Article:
Growing up in Santiago de Cuba in the 1950s, Liana Munro dreamed of one day becoming a professional ballerina. “My father gave me a great love for dance,” she shares. “As a little girl I remember standing on his two-toned shoes clutching his linen guayabera as he led us in a salsa.
Studying classical ballet from the time she was eight, Munro couldn’t wait to come home from her dance studio, put on her pointe shoes and practice. She even auditioned and got the title role of her dance studio’s production of Cinderella. However, the revolution was under way in Cuba. Two weeks before the production, the theater was bombed.
By the time Munro was 13, her parents sent her to a British school in Jamaica where she had to put all her energies towards getting through day to day. That took priority over pursuing dance. “I had to focus on my studies and learn English,” she explains.
Since things were so volatile in Cuba Munro never returned home. “The government wouldn’t allow my parents to leave,” she shares. “I didn’t realize then that I would never see them again.”
Munro graduated from school, married a British man, moved to Florida and had two daughters who inherited her love of dance and are talented dancers. “I missed dance terribly,” says Munro. “But I had to work.”
For nearly forty years Munro worked in sales and marketing, retiring from export sales in 2018. Since then she has worked as an Administrative Assistant. Throughout the years she devoted herself to helping her children achieve their dreams. “However, when they left for college, I had no purpose and felt miserable,” shares Munro. “I worked, watched TV and ate potato chips.”
Knowing she needed a purpose, in December 2007, her best friend and best friend’s sister asked, “If you could pursue any dream what would it be?” Munro’s answer? Dance.
The friends gave Munro a gift certificate to take ballroom dance classes. She was 63. From the moment she started Latin lessons at Kalubys Dance Club in Jacksonville, Florida, Munro was hooked and couldn’t wait to get to the studio. “Dance makes me feel special,” she says. "It lifts me up, especially after a hard day. Also, when I am dancing I don’t think about anything else. I am transported.”
Munro began studying salsa, hustle, rumba and mambo. “They were so much a part of my culture and past,” she says. “Then I started learning smooth dances—the Viennese Waltz, Foxtrot, Tango. They are all so beautiful.”
Currently, Munro dances around three days a week, taking private lessons. For the past 13 years she has been dancing with Alexander (Sasha) Ivanov at Arthur Murray Dance Studio in Palm Coast. She also dances with Brent Hyskell from Kaluby's Dance Club.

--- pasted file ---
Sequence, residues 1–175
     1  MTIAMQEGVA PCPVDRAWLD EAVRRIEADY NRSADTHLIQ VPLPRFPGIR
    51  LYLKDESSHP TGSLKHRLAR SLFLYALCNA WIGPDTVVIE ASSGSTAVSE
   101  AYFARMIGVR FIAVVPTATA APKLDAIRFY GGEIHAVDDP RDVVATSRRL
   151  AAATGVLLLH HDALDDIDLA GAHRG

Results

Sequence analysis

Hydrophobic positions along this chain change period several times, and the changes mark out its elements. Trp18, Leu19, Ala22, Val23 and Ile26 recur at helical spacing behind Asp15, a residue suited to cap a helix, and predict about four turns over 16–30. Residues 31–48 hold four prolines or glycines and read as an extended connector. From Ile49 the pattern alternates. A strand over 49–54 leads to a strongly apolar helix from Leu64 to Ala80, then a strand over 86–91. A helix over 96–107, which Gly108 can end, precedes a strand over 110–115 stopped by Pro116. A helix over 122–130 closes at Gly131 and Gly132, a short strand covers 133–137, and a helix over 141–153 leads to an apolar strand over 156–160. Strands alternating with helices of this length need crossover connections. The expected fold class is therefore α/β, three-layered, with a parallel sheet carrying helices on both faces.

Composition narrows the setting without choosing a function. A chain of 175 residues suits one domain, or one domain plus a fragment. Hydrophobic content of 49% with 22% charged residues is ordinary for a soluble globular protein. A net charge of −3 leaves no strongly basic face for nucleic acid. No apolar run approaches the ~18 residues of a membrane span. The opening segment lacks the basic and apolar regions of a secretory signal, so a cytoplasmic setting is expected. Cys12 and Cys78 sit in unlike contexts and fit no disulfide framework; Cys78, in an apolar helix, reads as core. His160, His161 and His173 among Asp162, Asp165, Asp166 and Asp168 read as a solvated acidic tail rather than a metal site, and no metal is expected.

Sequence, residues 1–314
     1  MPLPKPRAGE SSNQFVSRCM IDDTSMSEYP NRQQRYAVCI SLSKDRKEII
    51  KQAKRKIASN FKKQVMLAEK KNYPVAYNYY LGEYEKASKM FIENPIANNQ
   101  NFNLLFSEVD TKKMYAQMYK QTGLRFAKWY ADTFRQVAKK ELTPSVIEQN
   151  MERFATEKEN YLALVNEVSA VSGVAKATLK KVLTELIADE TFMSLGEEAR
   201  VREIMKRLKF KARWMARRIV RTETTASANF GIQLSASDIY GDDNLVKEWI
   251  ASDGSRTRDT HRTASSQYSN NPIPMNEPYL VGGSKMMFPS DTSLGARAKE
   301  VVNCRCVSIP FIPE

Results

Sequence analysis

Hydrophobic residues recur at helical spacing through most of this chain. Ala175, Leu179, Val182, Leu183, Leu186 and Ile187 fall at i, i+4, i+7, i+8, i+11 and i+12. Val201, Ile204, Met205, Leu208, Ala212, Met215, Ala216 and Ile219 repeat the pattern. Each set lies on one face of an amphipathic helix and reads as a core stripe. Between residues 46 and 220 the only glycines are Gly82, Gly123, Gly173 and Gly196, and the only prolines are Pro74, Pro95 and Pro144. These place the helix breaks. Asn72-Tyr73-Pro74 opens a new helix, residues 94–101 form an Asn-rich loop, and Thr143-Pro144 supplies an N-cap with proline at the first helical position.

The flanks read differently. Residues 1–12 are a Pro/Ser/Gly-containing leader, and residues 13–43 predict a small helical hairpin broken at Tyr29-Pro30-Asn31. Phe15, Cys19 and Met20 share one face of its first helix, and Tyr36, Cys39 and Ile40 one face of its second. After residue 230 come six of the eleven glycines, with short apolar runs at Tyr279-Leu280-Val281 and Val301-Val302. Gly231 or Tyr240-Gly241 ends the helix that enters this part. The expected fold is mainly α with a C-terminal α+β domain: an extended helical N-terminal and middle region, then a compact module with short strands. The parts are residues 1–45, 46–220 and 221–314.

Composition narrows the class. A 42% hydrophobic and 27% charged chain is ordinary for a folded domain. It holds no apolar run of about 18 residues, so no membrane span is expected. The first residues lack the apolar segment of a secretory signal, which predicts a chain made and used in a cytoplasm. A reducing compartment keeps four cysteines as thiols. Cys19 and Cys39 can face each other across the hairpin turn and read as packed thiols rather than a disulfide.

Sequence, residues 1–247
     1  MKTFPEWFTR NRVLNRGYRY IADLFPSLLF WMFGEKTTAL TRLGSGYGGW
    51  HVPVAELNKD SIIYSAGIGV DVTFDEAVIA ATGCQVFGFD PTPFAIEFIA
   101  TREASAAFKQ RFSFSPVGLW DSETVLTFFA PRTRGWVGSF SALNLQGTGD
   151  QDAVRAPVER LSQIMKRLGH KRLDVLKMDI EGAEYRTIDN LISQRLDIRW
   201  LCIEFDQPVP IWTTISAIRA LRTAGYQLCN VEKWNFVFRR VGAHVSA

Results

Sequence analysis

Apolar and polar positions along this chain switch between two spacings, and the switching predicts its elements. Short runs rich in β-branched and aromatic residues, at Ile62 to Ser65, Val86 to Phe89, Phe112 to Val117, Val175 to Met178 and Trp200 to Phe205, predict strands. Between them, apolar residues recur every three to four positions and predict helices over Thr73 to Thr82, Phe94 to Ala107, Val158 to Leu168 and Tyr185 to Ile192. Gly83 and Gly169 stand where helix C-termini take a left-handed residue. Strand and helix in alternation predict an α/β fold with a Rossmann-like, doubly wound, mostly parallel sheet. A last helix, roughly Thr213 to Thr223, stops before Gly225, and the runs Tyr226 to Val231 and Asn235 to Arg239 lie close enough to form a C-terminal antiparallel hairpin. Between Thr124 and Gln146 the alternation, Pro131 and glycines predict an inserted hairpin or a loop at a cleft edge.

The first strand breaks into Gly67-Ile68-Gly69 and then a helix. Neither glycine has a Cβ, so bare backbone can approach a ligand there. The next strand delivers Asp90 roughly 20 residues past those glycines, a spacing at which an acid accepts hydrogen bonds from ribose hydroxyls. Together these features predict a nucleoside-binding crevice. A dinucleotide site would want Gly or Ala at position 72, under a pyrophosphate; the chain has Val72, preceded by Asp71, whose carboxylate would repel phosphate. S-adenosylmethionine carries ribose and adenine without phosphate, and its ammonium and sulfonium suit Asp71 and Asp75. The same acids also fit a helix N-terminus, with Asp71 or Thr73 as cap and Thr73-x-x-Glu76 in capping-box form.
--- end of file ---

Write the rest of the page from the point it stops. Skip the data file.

She particularly adores the Fox-Trot and Salsa. “Two opposites,” observes Munro. “The Fox-Trot is classy, suave, but a bit sassy, and makes me feel like I am floating! Whereas the Salsa is fast, happy and sometimes sexy.” Oftentimes her body responds to the rhythm and she can feel it take over and really let go. “That sometimes disturbs my teacher because I don’t always follow the ballroom rules,” she says.
Several months after she began dancing her teacher enrolled Munro in a ballroom competition on a dare. She thought, “I’ll do it!” But she never thought anything would come from it.
Munro won first place.
“I remember walking up to the podium in complete disbelief. It was unreal. A total shock!” she shares. Monro won the Pro/Am Senior World Master Champion in Rhythm multiple times. She has also won first place in Rhythm at competitions and continues to compete and perform.
“It never crossed my mind that I would be dancing at this stage of my life,” says Munro who is now 77-years-old and continues to do splits during. “Entering competitions and winning seemed mind blowing and still does. To do something I have longed to do since I was a little girl gives me a giant sense of accomplishment.”
Dance has given Munro even more of a connection to her Cuban roots. As a judge once commented, “She dances from the heart.”
“I can picture my father all those years ago in his beautiful white linen guayabera and two tone shoes, dancing the bolero, rhumba and salsa to “Besame Mucho” with so much passion,” says Munro. “I think, yes, he gave me that. I dance from my soul.”
Munro credits her daughters, Lainie and Alicia, for encouraging her to keep dancing (Lainie is a New York-based professional dancer, performer, choreographer and dance teacher.) “I consider myself very blessed that I can continue to work, dance and be active,” Munro adds. “I believe that ballroom dancing is has kept me flexible, alert and in good health.”
Erma Bombeck once wrote that at the end of her life, when she stands before God, she hopes she can say, “I used everything you gave me.” Munro lives by the same mantra. “Isn’t that wonderful?,” she says. “That’s what I want to say to God at the end of my life.”
While the awards and recognition are wonderful, Munro remains focused on something even more meaningful. “My goal is not to be the perfect dancer. My purpose is to inspire others, especially those my age,” she shares. “When I am performing I don’t worry about doing the perfect steps or perfect arm movements. I want to entertain and see people smile as if they were dancing with me.”
She finds the most joy when strangers tell her, “I wish I could do that.” Munro replies, “Oh yes. You can! If I can do this, so can you.”
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